At this time last year, Joseph Burton, a lawyer with Duane Morris LLP and Affiliates, was in Las Vegas consulting with his newest client, a Russian programmer arrested for violating the 1998 Digital Millennium Copyright Act (DMCA) by allegedly trafficking in tools designed to circumvent digital copyright protections.
A year later, the prosecution against that Russian programmer, Dmitry Sklyarov, has been deferred pending certain conditions, though the government is continuing to pursue action against his employer, Moscow-based Elcomsoft Co. Ltd. That trial, in which Elcomsoft is charged with the same crimes as Sklyarov was, is set to start at the end of August, Burton said.
Despite a series of unfavourable rulings for Elcomsoft, when the trial does start Burton expects that not only will he win, but that in doing so he will curtail the reach of the DMCA.
“Given the existence of the DMCA, we need a standard for legitimate conduct, need to know that you can do some things legally,” he said Saturday at the Def Con convention held earlier this month in Las Vegas. “Right now, given the DMCA, we don’t know what that standard is.”
“The Elcomsoft case gives us the opportunity to try to set that standard,” he said.
The DMCA has been decried as overbroad and draconian by computer experts, cyber-rights advocates and other groups since its passage. The law makes it a crime to create tools designed primarily to circumvent copyright control measures such as digital rights management, as well as to provide information about how to crack such schemes.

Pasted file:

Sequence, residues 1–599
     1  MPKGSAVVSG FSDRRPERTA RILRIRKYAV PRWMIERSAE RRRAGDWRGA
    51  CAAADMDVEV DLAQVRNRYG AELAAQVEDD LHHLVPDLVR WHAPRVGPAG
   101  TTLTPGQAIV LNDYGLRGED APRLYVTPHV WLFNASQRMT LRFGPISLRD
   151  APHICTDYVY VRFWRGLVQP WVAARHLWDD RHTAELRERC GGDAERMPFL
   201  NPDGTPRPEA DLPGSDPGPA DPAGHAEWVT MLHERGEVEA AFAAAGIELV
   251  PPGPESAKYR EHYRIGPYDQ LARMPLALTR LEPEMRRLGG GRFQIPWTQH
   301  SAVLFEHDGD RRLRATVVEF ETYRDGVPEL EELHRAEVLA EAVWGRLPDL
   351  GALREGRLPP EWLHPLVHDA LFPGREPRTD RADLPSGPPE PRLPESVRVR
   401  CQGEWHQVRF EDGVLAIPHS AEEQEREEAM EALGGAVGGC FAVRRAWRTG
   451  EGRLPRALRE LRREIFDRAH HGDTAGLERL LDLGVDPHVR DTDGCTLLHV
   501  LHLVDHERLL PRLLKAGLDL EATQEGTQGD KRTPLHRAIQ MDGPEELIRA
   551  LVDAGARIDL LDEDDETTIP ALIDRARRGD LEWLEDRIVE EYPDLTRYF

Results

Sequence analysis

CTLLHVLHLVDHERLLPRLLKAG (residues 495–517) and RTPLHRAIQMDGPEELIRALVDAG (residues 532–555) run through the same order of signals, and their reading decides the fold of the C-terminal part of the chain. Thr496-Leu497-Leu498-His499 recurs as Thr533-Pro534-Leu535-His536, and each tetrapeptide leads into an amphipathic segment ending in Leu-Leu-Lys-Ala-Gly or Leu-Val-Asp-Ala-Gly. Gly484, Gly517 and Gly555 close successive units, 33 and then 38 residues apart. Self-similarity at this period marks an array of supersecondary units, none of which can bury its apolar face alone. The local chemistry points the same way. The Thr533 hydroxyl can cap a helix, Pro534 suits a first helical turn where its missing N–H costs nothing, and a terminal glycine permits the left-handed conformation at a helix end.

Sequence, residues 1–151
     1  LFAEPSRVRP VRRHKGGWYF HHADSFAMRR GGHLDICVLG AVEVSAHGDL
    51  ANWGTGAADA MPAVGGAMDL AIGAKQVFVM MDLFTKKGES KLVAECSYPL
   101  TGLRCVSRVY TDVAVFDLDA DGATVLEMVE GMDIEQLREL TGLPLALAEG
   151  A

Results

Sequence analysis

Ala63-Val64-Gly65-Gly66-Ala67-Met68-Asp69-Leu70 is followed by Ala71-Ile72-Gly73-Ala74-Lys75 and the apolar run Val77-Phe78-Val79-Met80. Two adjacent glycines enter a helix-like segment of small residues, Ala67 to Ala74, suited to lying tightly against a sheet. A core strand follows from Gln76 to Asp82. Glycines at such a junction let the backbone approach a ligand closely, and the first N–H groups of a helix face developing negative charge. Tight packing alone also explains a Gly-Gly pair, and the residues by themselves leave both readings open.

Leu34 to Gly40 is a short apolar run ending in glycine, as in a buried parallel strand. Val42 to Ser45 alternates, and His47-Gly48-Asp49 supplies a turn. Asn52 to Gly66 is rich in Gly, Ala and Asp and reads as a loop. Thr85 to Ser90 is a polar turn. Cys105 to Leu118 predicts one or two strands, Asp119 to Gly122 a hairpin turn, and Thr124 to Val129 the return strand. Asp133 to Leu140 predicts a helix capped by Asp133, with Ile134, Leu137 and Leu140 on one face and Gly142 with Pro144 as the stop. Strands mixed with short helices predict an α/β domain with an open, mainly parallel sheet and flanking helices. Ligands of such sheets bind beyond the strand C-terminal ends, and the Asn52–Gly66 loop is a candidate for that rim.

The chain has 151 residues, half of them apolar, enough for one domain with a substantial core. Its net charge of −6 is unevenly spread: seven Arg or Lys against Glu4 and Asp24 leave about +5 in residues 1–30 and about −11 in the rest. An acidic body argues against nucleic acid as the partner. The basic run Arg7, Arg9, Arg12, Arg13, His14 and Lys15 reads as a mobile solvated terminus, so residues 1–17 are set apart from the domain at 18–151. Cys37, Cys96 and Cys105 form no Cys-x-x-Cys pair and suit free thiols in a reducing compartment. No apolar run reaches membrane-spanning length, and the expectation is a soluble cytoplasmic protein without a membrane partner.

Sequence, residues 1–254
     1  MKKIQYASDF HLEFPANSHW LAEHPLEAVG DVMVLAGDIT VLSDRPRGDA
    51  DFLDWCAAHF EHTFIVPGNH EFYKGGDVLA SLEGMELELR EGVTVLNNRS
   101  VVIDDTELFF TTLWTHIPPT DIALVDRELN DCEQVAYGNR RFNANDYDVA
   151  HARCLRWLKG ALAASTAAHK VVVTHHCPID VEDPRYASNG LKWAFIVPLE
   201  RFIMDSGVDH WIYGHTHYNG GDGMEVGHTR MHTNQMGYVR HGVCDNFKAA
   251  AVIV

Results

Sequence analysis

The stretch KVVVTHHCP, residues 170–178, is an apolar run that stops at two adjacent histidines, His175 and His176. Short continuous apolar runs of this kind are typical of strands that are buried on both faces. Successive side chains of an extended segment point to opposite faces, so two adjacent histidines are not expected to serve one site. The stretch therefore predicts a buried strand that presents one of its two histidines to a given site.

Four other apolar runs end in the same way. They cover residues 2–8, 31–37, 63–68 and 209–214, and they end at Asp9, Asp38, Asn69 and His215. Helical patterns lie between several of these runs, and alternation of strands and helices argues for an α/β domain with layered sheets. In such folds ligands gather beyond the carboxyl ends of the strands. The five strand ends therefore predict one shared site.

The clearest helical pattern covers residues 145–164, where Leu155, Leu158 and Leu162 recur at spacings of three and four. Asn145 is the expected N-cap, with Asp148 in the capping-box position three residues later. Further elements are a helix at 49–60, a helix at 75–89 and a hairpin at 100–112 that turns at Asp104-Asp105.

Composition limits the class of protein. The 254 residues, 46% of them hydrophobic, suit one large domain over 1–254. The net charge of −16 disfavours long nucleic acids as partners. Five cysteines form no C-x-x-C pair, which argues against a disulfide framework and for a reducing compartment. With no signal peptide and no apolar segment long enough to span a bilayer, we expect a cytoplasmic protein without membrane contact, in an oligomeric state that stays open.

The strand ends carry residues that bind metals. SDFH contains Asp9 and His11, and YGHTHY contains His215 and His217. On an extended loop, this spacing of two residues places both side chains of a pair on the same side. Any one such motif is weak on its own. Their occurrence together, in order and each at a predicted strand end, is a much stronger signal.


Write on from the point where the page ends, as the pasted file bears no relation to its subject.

Besides the Elcomsoft case, the law has been used to intimidate Princeton University professor Edward Felten into not presenting his research on the weaknesses in the SDMI (Secure Digital Music Initiative) digital rights management system. A number of Def Con attendees cautioned that the DMCA will continue to be used to stifle legitimate security research unless it is changed.
Though Burton doesn’t think the DMCA itself is a bad law, he disagrees with how it has been interpreted and used. Since previous legal challenges to the DMCA have failed, there are two options left to deal with the law, he said.
First, efforts could be made to repeal the law, but “that’s not likely to happen,” he said. “The only other way is to try to erode it away” with cases such as the Elcomsoft case.
The DMCA has been challenged in court before, most notably in the DeCSS (De-Contents Scramble System) case, which concerned software that removed copyright protections on DVDs (Digital Versatile Discs) and made them viewable on Linux PCs. The anti-DMCA forces lost in that case and have since dropped their appeal.
The Elcomsoft case is not the only DMCA-related working its way though the courts. In late July, the American Civil Liberties Union (ACLU) filed an anti-DMCA suit seeking to allow researchers to examine the URL (Uniform Resource Locator) blocking lists used in Web content filtering applications.